Mineral exports up 25% in 9 months


ZIMBABWE’s mineral export earnings increased by 25,1% to $1,692 billion as at September 15, 2017, buoyed by the increase in all minerals production across the board, Mines and Mining Development minister Walter Chidakwa has said.


Addressing delegates at the Zimbabwe Alternative Mining Indaba 2017 in Bulawayo yesterday, Chidakwa said all minerals performed positively in the period under review, except diamonds, which recorded a negative variance.

“As of September 15, 2017, cumulative mineral exports from January 2017 stood at $1,692 billion compared to $1,352bn during the same period last year, that is, January to September. This represents an approximately a 25,1% increase,” he said.

“Cumulative gold exports, as of September 15, 2017, stood at 14,731 tonnes valued at $631,84 million compared to 14,275 tonnes valued at $575, 978 million during the same period last year. This represents an increase of 3,2% and 9,7% in volume and value terms, respectively.”

Chidakwa said higher production figures could have been realised were it not for incessant rains, which affected gold production in the first quarter of 2016.

He said in the period under review, platinum generated $617m compared to $540m, diamonds $63,7m compared to $89,7m, gold $631m compared to $575m, ferrochrome $224m compared to $62m last year, and raw chrome $69m compared to $7,8m last year.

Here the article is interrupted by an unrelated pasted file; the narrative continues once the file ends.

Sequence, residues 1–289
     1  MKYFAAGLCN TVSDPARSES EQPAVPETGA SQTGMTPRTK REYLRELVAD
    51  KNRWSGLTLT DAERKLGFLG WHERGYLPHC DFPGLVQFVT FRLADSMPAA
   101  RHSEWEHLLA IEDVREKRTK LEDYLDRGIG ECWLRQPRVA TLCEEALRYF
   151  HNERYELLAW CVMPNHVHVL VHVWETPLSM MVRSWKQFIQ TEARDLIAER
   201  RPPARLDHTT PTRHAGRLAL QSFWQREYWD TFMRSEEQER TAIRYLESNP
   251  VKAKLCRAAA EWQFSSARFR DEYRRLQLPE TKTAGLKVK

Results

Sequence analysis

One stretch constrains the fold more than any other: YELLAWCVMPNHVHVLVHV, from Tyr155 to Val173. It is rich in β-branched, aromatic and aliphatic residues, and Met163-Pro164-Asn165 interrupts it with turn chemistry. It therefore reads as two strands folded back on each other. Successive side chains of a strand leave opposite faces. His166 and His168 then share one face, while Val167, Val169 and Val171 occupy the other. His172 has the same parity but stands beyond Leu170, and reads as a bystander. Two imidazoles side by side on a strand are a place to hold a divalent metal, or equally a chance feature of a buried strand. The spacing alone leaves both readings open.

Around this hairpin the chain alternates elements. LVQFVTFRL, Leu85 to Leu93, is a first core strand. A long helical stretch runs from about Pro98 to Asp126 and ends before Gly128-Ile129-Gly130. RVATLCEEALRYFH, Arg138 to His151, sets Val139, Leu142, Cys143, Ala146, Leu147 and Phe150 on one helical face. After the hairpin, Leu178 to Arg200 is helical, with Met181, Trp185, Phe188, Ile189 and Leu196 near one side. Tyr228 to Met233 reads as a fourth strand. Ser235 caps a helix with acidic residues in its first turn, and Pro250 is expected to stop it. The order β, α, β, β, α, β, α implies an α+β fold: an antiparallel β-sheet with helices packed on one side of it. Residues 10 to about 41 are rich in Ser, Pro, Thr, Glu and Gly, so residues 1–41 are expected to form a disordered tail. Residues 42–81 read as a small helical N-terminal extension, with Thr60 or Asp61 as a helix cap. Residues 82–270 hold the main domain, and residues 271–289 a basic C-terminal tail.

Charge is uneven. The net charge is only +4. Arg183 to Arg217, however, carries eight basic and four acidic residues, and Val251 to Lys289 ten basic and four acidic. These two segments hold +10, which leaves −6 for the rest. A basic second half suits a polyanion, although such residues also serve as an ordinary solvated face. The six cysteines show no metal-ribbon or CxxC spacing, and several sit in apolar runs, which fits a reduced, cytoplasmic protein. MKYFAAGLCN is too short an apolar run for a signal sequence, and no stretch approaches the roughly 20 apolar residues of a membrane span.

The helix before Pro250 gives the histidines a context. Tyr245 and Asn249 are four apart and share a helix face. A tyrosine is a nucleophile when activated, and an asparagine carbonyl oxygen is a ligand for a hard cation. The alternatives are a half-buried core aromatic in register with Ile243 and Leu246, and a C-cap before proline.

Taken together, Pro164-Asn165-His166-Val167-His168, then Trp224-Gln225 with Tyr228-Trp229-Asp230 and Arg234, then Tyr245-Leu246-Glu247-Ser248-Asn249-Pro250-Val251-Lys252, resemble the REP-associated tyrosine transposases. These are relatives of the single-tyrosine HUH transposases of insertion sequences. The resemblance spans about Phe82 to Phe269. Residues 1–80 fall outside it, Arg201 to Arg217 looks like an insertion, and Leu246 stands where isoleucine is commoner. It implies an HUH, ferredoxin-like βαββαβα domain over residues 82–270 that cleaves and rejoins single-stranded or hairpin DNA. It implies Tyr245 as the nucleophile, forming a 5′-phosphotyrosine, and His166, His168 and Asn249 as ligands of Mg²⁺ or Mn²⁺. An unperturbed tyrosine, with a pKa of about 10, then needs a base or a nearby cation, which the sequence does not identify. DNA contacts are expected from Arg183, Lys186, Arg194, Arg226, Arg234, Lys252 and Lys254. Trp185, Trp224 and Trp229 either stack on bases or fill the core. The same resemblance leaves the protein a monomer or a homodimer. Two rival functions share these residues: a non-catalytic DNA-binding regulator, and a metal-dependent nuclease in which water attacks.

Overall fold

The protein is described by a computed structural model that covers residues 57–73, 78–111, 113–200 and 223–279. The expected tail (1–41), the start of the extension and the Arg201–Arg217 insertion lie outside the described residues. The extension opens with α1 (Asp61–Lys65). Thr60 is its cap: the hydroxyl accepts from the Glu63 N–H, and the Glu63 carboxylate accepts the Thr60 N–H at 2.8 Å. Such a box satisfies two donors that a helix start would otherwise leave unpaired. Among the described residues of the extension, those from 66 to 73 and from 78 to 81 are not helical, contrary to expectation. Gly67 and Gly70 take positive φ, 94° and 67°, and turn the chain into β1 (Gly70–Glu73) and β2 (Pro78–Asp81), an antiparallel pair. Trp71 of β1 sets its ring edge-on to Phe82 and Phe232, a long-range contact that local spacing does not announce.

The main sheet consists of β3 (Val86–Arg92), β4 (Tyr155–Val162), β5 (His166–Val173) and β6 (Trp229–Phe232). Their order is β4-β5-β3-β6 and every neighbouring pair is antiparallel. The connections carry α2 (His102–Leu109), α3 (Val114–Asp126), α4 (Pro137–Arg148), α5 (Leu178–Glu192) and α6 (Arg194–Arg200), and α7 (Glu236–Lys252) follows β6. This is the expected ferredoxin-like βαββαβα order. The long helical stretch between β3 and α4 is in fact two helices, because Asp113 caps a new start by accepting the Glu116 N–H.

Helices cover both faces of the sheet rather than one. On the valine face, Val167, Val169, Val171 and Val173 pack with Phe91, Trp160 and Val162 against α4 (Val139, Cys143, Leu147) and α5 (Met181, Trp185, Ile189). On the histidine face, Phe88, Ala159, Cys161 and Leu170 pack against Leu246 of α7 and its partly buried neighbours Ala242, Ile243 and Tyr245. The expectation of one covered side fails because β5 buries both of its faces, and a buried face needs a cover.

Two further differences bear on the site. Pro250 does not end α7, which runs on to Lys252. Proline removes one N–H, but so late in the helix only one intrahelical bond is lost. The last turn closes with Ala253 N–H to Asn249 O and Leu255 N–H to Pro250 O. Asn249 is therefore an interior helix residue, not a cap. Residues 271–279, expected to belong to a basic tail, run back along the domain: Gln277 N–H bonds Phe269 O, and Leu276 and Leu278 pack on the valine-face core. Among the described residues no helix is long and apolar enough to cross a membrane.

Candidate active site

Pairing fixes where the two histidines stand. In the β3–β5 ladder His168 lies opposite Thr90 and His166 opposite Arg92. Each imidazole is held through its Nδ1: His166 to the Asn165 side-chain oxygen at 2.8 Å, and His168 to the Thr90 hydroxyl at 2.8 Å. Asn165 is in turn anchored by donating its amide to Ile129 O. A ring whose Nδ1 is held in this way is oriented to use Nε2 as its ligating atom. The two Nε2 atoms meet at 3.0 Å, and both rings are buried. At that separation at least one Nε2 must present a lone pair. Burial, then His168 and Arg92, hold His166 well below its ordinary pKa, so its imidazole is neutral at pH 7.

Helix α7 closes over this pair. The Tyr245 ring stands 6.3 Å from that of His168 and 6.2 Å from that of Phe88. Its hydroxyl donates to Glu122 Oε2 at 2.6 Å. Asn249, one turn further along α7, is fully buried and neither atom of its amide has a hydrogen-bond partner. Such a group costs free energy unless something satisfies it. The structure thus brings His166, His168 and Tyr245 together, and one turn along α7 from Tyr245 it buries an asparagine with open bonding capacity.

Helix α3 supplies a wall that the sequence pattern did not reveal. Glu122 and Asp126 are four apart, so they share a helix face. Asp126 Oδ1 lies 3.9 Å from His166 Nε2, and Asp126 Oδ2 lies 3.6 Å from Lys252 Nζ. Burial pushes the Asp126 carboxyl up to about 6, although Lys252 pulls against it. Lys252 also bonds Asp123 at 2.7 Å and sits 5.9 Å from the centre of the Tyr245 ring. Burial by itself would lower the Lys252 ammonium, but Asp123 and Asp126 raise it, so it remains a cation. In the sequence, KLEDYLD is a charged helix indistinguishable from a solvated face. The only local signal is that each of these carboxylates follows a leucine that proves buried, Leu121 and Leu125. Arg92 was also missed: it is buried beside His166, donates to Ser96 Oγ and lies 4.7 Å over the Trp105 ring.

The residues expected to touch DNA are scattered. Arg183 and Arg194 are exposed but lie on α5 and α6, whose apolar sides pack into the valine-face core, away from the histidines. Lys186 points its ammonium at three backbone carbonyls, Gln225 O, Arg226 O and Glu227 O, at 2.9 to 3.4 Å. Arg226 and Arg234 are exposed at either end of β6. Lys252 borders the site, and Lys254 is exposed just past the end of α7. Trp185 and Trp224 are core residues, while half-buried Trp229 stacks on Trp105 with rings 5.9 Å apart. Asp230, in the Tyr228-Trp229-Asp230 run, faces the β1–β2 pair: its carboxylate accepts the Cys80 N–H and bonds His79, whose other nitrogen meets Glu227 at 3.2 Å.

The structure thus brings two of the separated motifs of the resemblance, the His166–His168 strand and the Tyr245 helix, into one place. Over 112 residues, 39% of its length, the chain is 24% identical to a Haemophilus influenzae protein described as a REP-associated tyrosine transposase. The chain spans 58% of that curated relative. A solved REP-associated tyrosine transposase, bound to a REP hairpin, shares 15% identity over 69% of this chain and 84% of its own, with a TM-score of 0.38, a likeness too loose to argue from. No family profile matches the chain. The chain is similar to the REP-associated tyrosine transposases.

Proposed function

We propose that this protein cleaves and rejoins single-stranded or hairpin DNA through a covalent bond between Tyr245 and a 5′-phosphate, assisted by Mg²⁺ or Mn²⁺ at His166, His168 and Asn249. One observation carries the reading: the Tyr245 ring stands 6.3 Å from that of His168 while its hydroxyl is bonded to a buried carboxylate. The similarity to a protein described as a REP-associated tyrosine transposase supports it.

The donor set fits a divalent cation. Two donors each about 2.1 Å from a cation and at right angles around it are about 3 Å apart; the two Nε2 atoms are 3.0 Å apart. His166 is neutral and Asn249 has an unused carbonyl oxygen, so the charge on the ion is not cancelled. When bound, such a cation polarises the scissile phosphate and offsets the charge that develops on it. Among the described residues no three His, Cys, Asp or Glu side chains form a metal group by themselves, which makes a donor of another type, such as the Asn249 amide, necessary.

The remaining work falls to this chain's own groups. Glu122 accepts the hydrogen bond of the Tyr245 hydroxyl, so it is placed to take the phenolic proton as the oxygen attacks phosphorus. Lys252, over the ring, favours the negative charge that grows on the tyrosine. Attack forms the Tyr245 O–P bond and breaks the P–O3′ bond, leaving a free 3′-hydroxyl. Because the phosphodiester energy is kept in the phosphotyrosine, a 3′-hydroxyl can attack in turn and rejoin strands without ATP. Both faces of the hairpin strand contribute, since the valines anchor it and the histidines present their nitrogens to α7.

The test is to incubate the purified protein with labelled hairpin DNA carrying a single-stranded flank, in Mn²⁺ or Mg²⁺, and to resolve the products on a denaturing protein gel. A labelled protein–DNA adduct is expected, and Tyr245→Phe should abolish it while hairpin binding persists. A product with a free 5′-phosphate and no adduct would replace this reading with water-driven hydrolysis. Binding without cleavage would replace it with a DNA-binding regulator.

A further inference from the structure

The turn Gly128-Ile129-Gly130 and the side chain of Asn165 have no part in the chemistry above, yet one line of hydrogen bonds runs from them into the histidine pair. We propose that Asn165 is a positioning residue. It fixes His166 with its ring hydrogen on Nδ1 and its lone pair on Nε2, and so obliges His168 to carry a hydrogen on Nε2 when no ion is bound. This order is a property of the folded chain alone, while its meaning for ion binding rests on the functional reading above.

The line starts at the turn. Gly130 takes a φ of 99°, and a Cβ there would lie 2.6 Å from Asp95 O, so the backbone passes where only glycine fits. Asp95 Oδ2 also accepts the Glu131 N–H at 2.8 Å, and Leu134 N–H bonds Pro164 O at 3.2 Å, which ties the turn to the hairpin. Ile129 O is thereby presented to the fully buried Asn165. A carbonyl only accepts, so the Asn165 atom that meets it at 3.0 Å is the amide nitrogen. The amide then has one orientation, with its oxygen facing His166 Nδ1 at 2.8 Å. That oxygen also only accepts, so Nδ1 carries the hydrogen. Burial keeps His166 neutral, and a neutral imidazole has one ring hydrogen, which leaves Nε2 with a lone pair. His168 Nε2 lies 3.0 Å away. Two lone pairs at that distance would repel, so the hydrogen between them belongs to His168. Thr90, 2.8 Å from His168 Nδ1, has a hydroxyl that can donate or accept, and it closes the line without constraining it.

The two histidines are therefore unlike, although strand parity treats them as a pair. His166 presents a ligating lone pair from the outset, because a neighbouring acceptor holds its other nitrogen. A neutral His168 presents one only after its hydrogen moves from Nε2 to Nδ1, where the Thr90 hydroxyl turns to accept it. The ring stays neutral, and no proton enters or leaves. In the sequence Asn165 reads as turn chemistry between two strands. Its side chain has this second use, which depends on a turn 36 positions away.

“Platinum has suffered problems of price. The price of platinum about five years ago rose to almost $2 000 per ounce and it came down progressively and is sitting at around $920 per ounce,”Chidakwa said.

“But what has happened is that the few companies that are mining platinum at the moment have increased their production. This is in spite of the fact that the biggest platinum company, which is Zimplats, suffered a collapse of the mine.”

Mining is one of the country’s biggest foreign currency earners raking in $2,2 billion last year from
$2,1 billion in 2015, with major contributors being gold and platinum group of metals.


  1. we should remember that minerals are not renewable, so whatever we earn from them should be invested, for example, in developing agricultural techniques.

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